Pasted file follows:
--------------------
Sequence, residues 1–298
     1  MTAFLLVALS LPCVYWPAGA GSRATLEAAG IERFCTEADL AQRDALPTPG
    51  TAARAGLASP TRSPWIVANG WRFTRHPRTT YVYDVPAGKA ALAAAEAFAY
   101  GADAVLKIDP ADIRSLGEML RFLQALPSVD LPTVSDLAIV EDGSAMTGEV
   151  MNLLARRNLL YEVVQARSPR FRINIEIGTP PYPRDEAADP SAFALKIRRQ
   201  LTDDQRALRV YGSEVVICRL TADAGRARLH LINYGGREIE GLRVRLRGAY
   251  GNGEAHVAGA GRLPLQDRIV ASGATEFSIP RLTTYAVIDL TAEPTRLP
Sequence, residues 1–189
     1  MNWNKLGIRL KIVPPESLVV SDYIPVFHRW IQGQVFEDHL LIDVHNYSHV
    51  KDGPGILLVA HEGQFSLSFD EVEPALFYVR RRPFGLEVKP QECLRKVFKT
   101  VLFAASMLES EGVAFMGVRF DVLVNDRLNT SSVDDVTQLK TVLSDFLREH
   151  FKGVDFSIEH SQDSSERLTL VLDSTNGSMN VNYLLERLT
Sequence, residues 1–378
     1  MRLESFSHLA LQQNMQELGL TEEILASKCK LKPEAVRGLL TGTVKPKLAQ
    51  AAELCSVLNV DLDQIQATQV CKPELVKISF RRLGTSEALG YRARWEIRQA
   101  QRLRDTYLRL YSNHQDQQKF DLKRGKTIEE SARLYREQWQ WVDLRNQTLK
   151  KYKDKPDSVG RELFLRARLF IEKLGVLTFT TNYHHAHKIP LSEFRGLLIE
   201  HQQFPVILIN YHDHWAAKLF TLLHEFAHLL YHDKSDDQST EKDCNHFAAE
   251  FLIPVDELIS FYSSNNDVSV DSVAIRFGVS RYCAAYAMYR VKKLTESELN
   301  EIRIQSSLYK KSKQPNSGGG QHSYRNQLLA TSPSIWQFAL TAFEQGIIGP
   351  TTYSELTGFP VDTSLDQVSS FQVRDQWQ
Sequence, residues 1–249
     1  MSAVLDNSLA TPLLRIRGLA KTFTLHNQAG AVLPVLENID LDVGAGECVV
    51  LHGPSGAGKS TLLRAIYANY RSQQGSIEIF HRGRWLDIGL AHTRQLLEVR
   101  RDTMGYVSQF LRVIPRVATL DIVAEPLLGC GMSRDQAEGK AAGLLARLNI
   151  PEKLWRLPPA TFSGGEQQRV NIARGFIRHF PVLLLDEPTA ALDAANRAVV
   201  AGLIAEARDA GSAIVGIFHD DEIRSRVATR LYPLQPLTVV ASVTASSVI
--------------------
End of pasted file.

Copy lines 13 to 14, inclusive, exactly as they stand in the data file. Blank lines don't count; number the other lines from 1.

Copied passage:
Sequence, residues 1–378
     1  MRLESFSHLA LQQNMQELGL TEEILASKCK LKPEAVRGLL TGTVKPKLAQ